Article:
A Warning for School Counsellors
School Counsellors have certain obligations as professionals when disclosures are made to them by children. A recent Family Law case has had to consider a school counsellor’s behaviour, and the consequential impact on the child’s care arrangements, where the counsellor failed to comply with their professional obligations.
- The parties had a 10 year old daughter who, following separation had lived primarily with the Mother. The parties lived 3 hours apart and therefore the child was only spending block holidays with the father.
- The child commenced seeing the school counsellor approximately 6 months prior to the proceedings coming before the court. During the sessions with the school counsellor the child made a variety of disclosures, including: –
– her mother had punched her in the face;
– she was made to do significant chores;
– the step-father used to be ‘fun’ to be with, until her half-sister was born;
– that she had stolen money from her step-father’s wallet and tried to run away but the police had collected her and returned her home; and
– that the step-father threatened to break her wrist.
- Over the sessions the school counsellor provided the child with legal advice about the family court process.
- The school counsellor contacted the biological father numerous times to discuss the disclosures the child had made to him. At no time did the school counsellor contact the mother to discuss the disclosures made by the child.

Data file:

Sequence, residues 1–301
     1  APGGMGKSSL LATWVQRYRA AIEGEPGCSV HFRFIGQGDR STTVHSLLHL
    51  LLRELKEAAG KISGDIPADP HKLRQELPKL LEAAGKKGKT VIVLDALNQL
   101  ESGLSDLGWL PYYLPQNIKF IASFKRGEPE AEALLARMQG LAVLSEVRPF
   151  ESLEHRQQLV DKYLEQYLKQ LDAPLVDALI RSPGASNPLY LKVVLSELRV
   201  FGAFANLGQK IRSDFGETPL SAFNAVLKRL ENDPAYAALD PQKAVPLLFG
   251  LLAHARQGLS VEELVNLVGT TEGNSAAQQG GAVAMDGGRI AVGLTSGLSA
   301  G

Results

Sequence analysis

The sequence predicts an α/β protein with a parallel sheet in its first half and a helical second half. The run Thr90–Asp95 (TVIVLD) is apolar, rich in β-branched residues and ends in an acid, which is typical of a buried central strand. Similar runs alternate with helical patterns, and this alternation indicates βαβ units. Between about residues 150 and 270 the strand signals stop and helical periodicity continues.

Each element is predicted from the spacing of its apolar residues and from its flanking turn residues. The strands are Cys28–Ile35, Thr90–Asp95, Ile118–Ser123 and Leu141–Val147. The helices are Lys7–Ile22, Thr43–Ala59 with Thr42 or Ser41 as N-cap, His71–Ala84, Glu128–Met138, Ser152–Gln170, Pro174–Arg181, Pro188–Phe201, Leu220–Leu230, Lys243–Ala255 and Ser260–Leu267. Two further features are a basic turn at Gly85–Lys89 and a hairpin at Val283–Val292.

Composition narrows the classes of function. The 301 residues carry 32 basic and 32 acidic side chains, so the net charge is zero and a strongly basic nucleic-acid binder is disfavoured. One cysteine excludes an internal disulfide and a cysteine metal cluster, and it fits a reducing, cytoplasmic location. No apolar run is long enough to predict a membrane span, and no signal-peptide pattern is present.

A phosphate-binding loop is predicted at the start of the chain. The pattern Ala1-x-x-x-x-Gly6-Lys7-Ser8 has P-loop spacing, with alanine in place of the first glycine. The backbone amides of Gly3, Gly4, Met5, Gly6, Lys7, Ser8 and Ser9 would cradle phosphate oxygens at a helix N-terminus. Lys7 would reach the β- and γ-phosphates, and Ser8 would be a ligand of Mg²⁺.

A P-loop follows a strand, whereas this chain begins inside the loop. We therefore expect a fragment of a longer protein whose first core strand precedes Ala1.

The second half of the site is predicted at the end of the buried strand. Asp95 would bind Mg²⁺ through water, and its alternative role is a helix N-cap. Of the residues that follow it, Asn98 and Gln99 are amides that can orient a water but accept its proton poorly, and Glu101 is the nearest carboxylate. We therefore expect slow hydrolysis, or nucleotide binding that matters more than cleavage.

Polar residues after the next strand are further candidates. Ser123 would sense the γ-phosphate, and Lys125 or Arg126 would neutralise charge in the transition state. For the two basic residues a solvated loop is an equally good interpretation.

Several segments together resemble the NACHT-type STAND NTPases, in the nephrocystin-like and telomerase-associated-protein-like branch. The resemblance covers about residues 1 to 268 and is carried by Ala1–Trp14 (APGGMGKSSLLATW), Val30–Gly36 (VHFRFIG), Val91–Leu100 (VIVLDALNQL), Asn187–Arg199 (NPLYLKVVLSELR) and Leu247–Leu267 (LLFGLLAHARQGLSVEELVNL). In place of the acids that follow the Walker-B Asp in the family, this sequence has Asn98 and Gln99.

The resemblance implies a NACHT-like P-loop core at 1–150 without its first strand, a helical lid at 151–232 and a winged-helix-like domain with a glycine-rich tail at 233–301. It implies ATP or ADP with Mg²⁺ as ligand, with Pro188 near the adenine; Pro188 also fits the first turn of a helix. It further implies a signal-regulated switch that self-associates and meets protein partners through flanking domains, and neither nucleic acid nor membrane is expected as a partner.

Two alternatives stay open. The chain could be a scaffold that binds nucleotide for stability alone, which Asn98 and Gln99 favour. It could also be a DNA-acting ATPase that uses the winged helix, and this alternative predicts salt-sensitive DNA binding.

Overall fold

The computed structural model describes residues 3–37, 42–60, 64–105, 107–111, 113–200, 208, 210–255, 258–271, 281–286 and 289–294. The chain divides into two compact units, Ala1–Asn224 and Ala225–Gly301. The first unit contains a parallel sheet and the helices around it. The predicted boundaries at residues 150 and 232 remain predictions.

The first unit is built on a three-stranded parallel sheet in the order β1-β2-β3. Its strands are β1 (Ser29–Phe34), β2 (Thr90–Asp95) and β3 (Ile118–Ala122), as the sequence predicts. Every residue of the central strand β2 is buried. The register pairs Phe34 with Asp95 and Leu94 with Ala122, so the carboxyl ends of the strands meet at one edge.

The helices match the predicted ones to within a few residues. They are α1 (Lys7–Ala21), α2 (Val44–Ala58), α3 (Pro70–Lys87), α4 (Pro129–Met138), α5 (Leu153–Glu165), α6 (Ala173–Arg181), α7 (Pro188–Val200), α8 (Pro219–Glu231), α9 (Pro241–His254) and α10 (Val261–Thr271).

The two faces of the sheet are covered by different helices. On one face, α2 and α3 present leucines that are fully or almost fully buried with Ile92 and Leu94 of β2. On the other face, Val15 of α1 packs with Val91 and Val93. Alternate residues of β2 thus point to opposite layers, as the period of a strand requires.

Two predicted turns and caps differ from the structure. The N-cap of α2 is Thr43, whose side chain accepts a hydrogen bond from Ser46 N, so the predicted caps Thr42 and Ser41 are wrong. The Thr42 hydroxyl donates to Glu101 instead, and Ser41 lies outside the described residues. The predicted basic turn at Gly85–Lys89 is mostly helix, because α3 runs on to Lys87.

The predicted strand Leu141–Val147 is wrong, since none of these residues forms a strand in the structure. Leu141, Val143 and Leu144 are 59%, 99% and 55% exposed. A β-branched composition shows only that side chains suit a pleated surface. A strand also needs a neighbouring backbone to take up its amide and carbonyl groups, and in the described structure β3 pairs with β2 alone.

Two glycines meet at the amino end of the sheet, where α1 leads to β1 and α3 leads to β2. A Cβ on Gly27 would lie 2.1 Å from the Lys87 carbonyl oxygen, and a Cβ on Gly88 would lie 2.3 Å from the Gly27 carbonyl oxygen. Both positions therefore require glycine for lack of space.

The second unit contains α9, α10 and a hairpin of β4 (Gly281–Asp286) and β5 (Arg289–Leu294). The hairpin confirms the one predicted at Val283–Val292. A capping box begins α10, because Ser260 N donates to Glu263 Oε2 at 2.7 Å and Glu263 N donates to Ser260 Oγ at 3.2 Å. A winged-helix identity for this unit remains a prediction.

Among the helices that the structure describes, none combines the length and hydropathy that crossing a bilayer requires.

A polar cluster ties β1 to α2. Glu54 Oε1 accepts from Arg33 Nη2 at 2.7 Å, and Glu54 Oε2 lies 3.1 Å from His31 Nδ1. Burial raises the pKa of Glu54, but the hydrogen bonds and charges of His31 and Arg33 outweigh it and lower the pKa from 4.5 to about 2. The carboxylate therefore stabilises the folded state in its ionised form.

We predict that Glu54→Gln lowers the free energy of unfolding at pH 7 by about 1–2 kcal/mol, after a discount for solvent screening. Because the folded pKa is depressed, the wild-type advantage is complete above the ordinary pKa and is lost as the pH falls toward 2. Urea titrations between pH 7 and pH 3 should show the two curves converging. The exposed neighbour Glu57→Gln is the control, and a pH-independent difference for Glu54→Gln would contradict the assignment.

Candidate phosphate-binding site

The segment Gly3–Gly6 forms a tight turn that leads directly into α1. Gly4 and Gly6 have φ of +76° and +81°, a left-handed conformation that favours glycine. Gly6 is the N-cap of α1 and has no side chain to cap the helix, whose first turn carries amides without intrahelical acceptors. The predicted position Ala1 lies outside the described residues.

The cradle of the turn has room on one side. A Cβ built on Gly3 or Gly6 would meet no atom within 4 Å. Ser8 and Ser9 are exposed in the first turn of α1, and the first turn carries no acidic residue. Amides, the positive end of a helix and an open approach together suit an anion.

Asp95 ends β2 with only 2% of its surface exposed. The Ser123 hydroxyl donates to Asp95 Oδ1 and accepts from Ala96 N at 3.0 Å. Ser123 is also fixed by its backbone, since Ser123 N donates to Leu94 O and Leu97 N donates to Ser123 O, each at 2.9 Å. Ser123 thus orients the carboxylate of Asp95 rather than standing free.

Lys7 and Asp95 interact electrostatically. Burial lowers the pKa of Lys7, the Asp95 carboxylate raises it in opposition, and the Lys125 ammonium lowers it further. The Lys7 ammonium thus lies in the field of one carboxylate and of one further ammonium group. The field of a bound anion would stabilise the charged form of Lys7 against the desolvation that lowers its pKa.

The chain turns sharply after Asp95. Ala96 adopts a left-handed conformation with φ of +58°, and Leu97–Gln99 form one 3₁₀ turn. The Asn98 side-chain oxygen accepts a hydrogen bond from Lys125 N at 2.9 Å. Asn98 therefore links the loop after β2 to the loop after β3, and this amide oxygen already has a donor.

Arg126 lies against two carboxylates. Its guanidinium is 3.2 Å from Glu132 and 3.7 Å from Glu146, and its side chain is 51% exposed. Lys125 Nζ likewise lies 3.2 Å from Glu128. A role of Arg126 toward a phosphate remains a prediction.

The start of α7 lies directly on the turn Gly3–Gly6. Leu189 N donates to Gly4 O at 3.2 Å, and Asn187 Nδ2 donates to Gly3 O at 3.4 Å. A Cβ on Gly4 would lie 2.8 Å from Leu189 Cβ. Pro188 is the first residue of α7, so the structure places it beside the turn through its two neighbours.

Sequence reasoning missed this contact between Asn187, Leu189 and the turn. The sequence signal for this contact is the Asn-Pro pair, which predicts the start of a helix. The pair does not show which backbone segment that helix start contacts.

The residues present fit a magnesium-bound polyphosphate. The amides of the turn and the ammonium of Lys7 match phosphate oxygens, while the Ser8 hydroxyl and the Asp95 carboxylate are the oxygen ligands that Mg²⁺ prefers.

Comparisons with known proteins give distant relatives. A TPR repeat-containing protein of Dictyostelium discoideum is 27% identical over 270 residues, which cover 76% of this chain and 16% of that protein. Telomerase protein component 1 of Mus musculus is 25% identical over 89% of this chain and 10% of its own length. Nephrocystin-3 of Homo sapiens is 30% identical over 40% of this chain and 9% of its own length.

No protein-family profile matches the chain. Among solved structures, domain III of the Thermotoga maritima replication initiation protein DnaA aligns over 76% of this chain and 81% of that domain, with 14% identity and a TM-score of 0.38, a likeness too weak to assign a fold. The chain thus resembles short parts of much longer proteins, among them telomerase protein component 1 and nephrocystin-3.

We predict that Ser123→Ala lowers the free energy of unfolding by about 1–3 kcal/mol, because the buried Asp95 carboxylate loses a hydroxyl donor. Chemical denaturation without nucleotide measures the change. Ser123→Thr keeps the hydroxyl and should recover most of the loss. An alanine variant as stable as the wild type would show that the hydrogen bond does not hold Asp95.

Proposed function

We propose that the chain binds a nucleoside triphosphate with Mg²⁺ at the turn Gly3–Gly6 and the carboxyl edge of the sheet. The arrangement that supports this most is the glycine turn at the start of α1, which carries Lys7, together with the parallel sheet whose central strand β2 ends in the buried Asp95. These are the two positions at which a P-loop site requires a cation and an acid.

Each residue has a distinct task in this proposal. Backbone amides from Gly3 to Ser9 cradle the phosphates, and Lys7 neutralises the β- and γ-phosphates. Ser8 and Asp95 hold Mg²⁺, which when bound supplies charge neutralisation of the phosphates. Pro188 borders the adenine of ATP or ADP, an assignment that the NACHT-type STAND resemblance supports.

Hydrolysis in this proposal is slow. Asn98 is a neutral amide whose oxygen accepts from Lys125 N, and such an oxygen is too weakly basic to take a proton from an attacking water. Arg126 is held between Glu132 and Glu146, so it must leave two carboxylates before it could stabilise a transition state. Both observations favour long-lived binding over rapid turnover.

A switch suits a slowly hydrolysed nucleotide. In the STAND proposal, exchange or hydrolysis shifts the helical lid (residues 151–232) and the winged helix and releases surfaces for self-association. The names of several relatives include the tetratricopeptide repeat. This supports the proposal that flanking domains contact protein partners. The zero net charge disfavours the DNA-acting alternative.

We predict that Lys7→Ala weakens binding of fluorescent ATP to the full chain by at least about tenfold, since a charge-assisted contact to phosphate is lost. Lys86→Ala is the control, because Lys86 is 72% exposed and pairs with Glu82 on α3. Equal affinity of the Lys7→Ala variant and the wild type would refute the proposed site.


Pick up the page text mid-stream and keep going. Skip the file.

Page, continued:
- The school counsellor ultimately decided that she had a ‘duty of care’ to the child and as there were no court orders in place assisted the father to unilaterally remove the child from school.
- By the time that the matter was listed before the court the child had withdrawn a number of allegations of abuse that she had previously made, including that the step-father had attempted to break her wrist and that she had run away. The court concluded that the child had an active imagination given the significant detail in her stories and the subsequent withdrawal of allegations.
- The court also found that the child’s stories would have been fanciful to an ordinary person. Such examples included the child’s allegation that the mother punched her in the face the day prior to making the disclosure to the school counsellor, yet the child showed no bruising, and that a police officer would not have made a formal report if a child had run away from home.
- The court was also particularly concerned that when the child had made disclosures to the school counsellor that she had then received some sort of reward, including being able to watch her favourite TV program, or getting breakfast. The court was also critical of the school counsellor treating the child as an adult, by attempting to provide her with legal advice.
- The court found that nothing in the Family Law Act provides for a teacher or social workers ‘duty of care’ to override the parental responsibility that by law is vested in the parents.
- The child was ordered to be returned to the mother.
- The court did not order any restraints on the school counsellor from having continued discussions with the child, however, did order that a copy of the decision be provided to the Department of Education.